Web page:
In general, we recommend reviewing your Will every 3 to 5 years. But if one of the circumstances mentioned below occurs, it may need to be reviewed sooner than that. A review should ideally be carried out with the assistance of our Will solicitors in order to help spot areas that may need updating.
Marriage or Civil Partnership instantly invalidates any pre-existing Will (unless this was made expressly in contemplation of that marriage/civil partnership). This is the law. Before you get married or enter into a civil partnership you must therefore review and make a new Will (even if you want the terms of your Will to be broadly the same as before) which expressly refers to your forthcoming marriage/civil partnership.
It is very important that you take proper advice not only in relation to your Will and other succession provisions, but also the terms of your divorce.
We can then identify what rights your ex may or may not have, both as your ex and as the surviving parent to your children. We can then advise on appropriate steps.
Because this type of situation can often be complicated, we strongly advise that you seek help from our experienced Will solicitors.
When you die, it is important that those you want to inherit, do so with the minimum of stress, delay and cost.
You can do much to prevent a successful challenge to your Will – forewarned is forearmed!
The first step is for us to identify who might challenge your Will, on what grounds and the risk of that challenge being successful. Our Will solicitors can then advise on how to minimise these risks, if they cannot be prevented altogether.
Yes. However, your UK Will may no longer be appropriate for your new circumstances and Spanish law may override parts of your UK Will.
The Brussels IV Succession Regulations came into effect in 2015 and although the UK has left the EU, the Regulations may nevertheless affect you and you should review your UK Will accordingly.
Before you emigrate, we can also advise you on the UK inheritance tax implications.
Are you a sole trader? Are you in partnership? Have you formed a limited company? Have you signed a partnership agreement or shareholders agreement? What do the articles of association say? Have you signed a cross-option agreement?
Making a Will is not just about identifying who inherits what. It is about maximising the value of any inheritance for your chosen beneficiaries.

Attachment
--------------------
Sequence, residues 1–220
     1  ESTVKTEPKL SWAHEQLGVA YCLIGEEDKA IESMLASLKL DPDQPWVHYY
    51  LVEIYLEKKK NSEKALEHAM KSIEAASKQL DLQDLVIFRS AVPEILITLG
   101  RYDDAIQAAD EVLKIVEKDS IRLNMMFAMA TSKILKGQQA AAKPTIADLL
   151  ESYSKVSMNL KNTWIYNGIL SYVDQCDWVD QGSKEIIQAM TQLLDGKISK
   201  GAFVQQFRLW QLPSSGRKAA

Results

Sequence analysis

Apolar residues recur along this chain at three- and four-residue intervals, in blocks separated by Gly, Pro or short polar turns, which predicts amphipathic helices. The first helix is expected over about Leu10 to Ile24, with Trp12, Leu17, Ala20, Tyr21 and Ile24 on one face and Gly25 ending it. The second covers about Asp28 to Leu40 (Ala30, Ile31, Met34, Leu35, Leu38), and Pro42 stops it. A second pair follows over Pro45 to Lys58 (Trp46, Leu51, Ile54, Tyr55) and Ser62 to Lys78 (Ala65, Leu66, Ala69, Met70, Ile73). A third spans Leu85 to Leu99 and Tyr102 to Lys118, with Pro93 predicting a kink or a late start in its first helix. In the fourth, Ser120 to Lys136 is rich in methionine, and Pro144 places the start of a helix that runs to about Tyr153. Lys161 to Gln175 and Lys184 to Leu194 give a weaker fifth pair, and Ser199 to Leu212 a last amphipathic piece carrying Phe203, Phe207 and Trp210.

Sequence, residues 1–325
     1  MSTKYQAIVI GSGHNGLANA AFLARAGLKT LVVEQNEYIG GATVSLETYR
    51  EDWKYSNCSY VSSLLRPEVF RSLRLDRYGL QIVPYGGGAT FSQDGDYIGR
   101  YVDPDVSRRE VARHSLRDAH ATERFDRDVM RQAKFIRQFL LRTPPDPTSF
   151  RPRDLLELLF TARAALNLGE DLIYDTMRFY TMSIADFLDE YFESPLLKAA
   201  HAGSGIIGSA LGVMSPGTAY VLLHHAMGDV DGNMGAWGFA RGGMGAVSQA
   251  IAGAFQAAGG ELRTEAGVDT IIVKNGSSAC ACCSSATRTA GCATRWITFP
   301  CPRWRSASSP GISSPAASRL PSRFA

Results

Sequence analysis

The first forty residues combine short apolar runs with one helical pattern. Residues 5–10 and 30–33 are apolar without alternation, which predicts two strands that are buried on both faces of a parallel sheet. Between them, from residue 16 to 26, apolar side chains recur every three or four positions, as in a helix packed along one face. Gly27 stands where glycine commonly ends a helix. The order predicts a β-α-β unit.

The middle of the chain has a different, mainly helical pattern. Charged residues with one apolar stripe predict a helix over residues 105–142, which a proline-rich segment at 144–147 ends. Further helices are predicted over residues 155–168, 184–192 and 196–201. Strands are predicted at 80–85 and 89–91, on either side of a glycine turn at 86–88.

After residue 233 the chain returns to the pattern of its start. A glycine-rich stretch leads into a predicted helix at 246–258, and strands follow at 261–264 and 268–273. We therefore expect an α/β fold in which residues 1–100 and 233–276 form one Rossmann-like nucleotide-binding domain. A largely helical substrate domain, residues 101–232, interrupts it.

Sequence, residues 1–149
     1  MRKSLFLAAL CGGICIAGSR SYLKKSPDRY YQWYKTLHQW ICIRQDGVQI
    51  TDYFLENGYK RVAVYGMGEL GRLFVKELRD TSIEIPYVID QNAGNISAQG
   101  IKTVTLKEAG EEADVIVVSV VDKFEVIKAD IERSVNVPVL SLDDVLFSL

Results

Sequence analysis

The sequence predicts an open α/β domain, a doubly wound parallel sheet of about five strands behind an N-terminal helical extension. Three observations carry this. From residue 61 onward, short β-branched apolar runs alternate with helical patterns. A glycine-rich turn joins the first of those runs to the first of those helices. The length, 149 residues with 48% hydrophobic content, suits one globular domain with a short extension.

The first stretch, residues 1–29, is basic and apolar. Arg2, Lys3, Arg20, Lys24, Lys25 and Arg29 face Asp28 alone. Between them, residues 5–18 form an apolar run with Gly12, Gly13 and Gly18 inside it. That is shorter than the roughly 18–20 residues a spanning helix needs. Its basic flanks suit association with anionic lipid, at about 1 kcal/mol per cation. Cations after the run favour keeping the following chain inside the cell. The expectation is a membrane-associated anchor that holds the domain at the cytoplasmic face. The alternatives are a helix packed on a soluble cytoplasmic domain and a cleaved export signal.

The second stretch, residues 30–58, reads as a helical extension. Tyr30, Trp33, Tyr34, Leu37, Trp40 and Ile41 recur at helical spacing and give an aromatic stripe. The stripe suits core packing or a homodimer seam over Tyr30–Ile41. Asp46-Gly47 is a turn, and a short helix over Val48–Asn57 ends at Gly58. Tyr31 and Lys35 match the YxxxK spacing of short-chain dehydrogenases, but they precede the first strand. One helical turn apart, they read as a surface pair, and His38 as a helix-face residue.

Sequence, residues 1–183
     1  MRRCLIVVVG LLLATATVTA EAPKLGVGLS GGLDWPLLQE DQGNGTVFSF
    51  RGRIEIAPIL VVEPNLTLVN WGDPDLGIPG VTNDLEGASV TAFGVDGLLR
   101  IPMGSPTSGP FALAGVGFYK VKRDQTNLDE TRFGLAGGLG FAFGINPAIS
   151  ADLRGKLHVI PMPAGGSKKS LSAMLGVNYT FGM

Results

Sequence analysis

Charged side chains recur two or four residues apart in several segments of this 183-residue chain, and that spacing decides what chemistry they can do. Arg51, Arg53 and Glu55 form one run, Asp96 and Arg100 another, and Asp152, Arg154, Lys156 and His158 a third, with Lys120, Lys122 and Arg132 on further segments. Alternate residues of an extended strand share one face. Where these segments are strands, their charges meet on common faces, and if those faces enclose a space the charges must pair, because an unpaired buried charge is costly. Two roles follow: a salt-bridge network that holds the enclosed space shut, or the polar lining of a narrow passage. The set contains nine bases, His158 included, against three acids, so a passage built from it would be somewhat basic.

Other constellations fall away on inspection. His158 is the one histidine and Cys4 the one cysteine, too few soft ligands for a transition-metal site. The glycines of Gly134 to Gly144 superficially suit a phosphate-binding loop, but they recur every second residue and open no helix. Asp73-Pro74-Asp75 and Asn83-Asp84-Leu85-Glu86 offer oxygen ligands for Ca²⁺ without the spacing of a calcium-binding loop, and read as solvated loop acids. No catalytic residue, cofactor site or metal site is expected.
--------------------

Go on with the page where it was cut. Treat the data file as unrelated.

We will therefore work with you to ensure that when you die, your business passes to your chosen beneficiaries, and the right people have the right information to maximise its value and minimise any inheritance tax for your estate.
Often there may also be regulatory issues specific to your business, which your executors need to know about. We will work these out with you, so that your executors are protected.
Yes, arranging your affairs and creating your Will in the right way can significantly reduce the taxes your family will have to pay. Getting advice from our Wills solicitors is essential to ensure the terms of your Will and other succession arrangements are both tax efficient and legally watertight.
Mirror (also known as reciprocal) Wills are typically made by couples, whether married or unmarried, or in a civil partnership. Typically, both persons leave their assets to each other. After both have died, the couple want their savings and property to pass to specific individuals; often their children.
It is important to differentiate between mirror Wills and mutual Wills. With mirror Wills, either person may change their Will as they wish later on, including after the first has died. Mutual Wills prevent you from doing this. Mutual Wills are very problematic and often lead to expensive litigation. There are alternative, much better solutions to mutual Wills. Please ask us.
That’s a big gamble to take! How do you know what your circumstances will be when you die?
What if someone dies before you?
What about inheritance tax?
What about pension death benefits?
What about potential challenges to your Will?
What about the extra cost of winding up an estate where there is no Will?
Making a Will is not just about making sure the right people inherit the right amounts or assets; it is about planning to ensure their inheritance is maximised and that your estate is administered smoothly and efficiently after you have died.